Brilliantly British: Children’s toys and clothes to keep forever
Brilliantly British: Photographer Mike Moore outlines competition
A particular wooden toy or book or game stays in a child’s life in a way that many modern throwaway gifts never do, sparking the imagination and providing education and fun. So whether it’s a personalised doll, a challenging puzzle or a hand-crafted rocking horse, let us help you pick a British-made gift which could be handed down for generations to come.
The Rocking Sheep Company
When Simon Wolfers dreamt up a plan to handmake toy
rocking sheep and lambs in the early 1990s, it wasn’t because of his surname.
“Sheep and lambs feature in many nursery rhymes and children’s stories, and I wondered why no one had developed the idea into rocking toys,” he says. “As I live in the heart of sheep country in North Wales, it seemed like a good idea.”
His woolly flock are made near Snowdonia National Park but are shipped all over the world to children eager to have a cuddly rocking partner. His designs, above, use natural British materials and each finished heirloom is delivered to the customer’s door fully assembled.
Simon adds: “They are not just gorgeous and fun but practical too – our traditional bow rockers can be used on carpet as well as tile, stone and wooden floors.”
Merrythought Teddy Bears
A cuddly teddy is not just a stuffed toy, it’s a friend.
“Teddy bears provide an unwavering sense of companionship and are shown to spark far greater levels of imaginative play,” says Sarah Holmes, the managing director of Merrythought Teddy Bears.
The oldest and last remaining British teddy manufacturer celebrates its 90th anniversary this year. Each one of its beautiful soft toys is lovingly hand stitched at its factory in Ironbridge, Shropshire.
“It means so much to all the team in Ironbridge to still be flying the flag for British teddy bear making, all these years after our founder Gordon Holmes first brought Merrythought to life,” says Sarah.
“Making a Merrythought bear is a delicate 15-stage process that is carried out largely the same way as it was 90 years ago.”
The story of Merrythought began in 1930 when Gordon Holmes, owner of a mohair spinning mill in Yorkshire, recognised an opportunity to make handsome bears from the same fleece.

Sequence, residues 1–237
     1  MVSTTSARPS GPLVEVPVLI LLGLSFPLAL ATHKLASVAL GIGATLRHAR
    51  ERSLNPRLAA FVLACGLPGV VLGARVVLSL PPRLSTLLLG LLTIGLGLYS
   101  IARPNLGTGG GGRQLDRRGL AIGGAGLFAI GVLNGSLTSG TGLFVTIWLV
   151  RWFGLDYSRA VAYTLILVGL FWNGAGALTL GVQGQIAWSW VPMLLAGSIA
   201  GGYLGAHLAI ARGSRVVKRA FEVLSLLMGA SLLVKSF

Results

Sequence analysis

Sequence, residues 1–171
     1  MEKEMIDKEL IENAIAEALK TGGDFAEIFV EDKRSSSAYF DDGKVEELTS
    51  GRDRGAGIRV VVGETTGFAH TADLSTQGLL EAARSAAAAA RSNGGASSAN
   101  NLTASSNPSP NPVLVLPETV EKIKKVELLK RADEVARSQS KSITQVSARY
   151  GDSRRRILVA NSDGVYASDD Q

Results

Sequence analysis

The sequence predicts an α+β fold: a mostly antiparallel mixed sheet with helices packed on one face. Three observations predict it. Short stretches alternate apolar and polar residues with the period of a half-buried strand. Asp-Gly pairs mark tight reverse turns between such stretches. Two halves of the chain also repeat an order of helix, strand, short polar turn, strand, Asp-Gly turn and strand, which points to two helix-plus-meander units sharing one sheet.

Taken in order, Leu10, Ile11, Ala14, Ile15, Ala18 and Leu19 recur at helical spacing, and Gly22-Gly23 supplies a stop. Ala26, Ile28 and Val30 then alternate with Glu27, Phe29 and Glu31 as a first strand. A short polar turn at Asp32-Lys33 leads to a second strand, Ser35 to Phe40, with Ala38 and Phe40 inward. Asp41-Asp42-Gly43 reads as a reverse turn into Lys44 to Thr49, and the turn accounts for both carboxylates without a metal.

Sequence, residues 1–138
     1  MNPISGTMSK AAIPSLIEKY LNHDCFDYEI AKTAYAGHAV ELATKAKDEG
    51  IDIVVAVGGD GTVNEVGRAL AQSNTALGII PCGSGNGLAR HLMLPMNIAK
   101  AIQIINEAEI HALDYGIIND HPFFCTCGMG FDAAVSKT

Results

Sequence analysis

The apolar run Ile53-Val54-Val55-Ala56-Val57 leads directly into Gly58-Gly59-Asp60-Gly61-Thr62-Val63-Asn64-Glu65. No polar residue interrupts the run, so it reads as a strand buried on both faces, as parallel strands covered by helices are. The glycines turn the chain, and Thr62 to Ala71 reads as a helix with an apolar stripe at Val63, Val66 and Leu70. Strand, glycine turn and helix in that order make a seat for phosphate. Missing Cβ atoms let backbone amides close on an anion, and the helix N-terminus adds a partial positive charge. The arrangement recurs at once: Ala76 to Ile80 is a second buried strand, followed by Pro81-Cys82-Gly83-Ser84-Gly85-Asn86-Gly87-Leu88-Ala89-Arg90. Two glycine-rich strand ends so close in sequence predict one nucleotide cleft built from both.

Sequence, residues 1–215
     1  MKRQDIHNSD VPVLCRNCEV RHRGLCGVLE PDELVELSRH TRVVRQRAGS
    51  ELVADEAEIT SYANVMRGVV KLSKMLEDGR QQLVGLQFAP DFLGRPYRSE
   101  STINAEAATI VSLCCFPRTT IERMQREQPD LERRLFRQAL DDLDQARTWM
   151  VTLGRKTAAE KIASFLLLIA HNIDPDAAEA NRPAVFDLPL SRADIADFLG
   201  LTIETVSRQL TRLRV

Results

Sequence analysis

The inaugural collection was designed in 1930 by Florence Attwood who was deaf.
“She was a remarkable pattern maker who overcame many challenges associated with being unable to hear or speak to create some of our most iconic designs,” says Sarah.
Now in its fourth-generation, the family brand is beloved by celebrities and royals including future King Prince George.
An ‘Edward’ bear was the inspiration for Winnie the Pooh, with six-foot versions gracing the red carpet for the premiere of Goodbye Christopher Robin.
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Grandchildren who simply cannot wait until they are 17 to get behind the wheel will be beside themselves with excitement at the thought of receiving a ride-on electric car hand-built by Toylander.
The vehicles are modelled on real-life brands including Land Rover, Unimog and a MB43 jeep.
The original kids kit car was the Mayfair back in 1987 and this year the company launched its Toylander 3, based on the 1972 Series 3 Land Rover.
Each car can be built entirely from kits, or supplied fully assembled and ready to drive in the colour of the customer’s choice. The body of each car consists of a wooden structure encased by steel work, plus full working lights, a horn and indicators. They offer a controlled throttle speed to give youngsters real driving skills.
Rachael Attwood Hamard stems from a long line of tailors dating back to the 1880s and is the fourth generation of coat makers in her family.
Her elegant award-winning designs are traditional yet timeless, each one crafted by hand from premium wool.
There are a fabulous range of styles including trench, pea, reefer and dress coats.
Britannical specialises in tailored children’s outerwear, right, but also sells scarves, collars, neck ties and belts too.
“We are proud to benefit from the skills of a diverse workforce in London, support the country’s historic cloth mills, as well as keep our 120 year heritage in London coat making alive, says Rachael.